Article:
- Posted by ISPE Boston
- On August 19, 2020
Interested in advice from respected industry professionals on how to achieve your career goals and navigate unexpected career turns? Then we’re sure you tuned in for the Chapter’s first career development “fireside chat” when Haroon Hashmi of Ziopharm Oncology and Jane Rhodes of Verge Genomics settled in for a virtual Q & A with moderator Charlie Maher of Commissioning Agents and shared their personal career stories. And if you missed it, there’s good news: the session is now live on our YouTube channel. As a special bonus, see below for answers to questions that could not be addressed during the session due to time constraints, including must-reads Jane and Haroon found helpful as they navigated their career paths.
Haroon is currently Senior VP of Regulatory Science at Ziopharm Oncology where he oversees all regulatory functions and provides strategic support for the company’s gene and cell therapy platforms. He has over 24 years of industry experience in global drug development in neurology, oncology, and hemophilia covering the US, EU, and APAC regions and played a key role in Biogen’s expansionss in the APAC region.
Jane brings more than 20 years of drug discovery, company building and strategy leadership in the biotech industry to her current role as Chief Business Officer at Verge Genomics, including 18 years at Biogen, where her achievements include founding the Value Based Medicine (VBM) Innovation Hub. Prior to her work in business strategy, Jane spent a decade leading discovery research culminating in more than 35 peer reviewed publications and 9 patent filings.
Did you pursue mid-career education? Did it help achieve a career goal?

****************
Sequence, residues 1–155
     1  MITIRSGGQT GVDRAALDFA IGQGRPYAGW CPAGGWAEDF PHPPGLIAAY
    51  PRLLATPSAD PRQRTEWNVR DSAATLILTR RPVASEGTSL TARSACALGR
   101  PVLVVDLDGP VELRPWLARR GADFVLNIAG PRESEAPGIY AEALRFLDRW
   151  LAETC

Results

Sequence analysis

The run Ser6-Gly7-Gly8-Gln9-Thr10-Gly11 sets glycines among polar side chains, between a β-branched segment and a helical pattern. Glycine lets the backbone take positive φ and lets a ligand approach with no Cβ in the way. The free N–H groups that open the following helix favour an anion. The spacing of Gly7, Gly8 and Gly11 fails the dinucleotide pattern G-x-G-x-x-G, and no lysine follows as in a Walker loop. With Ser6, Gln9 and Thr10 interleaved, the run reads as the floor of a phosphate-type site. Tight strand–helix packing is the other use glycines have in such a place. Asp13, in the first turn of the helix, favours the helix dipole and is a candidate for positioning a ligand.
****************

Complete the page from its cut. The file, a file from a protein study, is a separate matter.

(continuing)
Haroon: Yes, I have pursued mid-career education but out of my own interest and knowledge; it was never meant with the intention to achieve career goals.
Jane: Yes, I completed an executive MBA mid-way through my career. I found it significantly enabled my career objectives to advance towards a business-related role in biotech.
What should you look for in a mentor?
Haroon: I look for humility and the person has to have this “wisdom” about them – not just someone who can tell the DOs and DONTs.
Jane: I look for someone with a track record of developing people who has relevant expertise, a strong network and whom I admire and can relate to.
Has your career benefited by moving between organizations?
Haroon: Yes, somewhat in terms of scope and responsibility. Sometimes one has to make that choice for the purpose of growth in their career.
Jane: I haven’t moved between organizations much in my career and often wonder if I would have advanced more quickly if I had.
What are the challenges you have faced or are facing as you climb the career ladder?
Haroon: First challenge one faces is leadership within the functional area but as you continue to climb the ladder, you have to address the opportunities and challenges that the organization faces in general.
Jane: Differentiating management from leadership, time management through effectively delegating, diminishing, deferring or deleting.
Have you used a skills assessment tool to identify strengths?
Jane: Yes, several times as the results can evolve as you evolve in your career.
Did you make a transition from one functional area to another? Tips?
Haroon: Yes! Do not make the change just for the sake of change – grass is not always greener on the other side. Determine your signature strengths and interests and determine if there is a better fit in another function than where you are currently. It is easier to make transition early in one’s career than later.
Jane: Yes, several times: Understand what you want in your new role and seek the right fit.
How did you transition from graduate studies to industry?
Jane: I did a post doctorate in biotech so I transitioned right out of grad school.
How/when did you make your first career transition?
Jane: About 8 years in, I moved from basic research to program leadership. I bridged my old and new roles, with 50% of my time in each, for several months before fully transitioning to ensure it was what I wanted.
Are there any books you would recommend about being/becoming a top performer?
Haroon: Any leadership book is useful and will provide relevant tips. Some recent favorites are:
- Extreme Ownership is a must read – Extreme Ownership by Jacko Willink & Leif Babin
- Grit: The Power of Passion and Perseverance by Angela Duckworth
- Multipliers by Liz Wiseman & Greg McKeown
- Tribal Leadership by Dave Logan & John King
Jane: I second Multipliers by Liz Wiseman and Greg McKeown. Also, What Got You Here Won’t Get You There by Marshall Goldsmith.